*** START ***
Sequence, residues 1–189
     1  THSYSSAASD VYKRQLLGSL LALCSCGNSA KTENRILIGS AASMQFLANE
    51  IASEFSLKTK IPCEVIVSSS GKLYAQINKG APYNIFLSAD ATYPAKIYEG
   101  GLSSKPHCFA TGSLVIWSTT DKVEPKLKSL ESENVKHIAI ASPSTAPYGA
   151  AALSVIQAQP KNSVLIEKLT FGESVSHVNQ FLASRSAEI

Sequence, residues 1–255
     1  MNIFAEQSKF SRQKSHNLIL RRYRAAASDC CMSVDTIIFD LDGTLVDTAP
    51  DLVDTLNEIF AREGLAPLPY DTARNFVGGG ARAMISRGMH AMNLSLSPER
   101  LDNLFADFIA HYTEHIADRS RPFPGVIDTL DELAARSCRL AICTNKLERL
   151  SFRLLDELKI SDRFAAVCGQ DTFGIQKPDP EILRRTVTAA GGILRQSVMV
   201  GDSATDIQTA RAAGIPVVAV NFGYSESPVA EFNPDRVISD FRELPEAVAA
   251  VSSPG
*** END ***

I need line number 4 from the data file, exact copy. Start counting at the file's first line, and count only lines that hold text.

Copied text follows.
   101  GLSSKPHCFA TGSLVIWSTT DKVEPKLKSL ESENVKHIAI ASPSTAPYGA